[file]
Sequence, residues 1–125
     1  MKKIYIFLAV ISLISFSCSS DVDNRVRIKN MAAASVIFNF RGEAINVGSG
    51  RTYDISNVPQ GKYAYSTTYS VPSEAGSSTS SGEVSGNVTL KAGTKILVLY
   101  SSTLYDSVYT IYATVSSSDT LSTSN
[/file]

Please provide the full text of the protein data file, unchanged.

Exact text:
Sequence, residues 1–125
     1  MKKIYIFLAV ISLISFSCSS DVDNRVRIKN MAAASVIFNF RGEAINVGSG
    51  RTYDISNVPQ GKYAYSTTYS VPSEAGSSTS SGEVSGNVTL KAGTKILVLY
   101  SSTLYDSVYT IYATVSSSDT LSTSN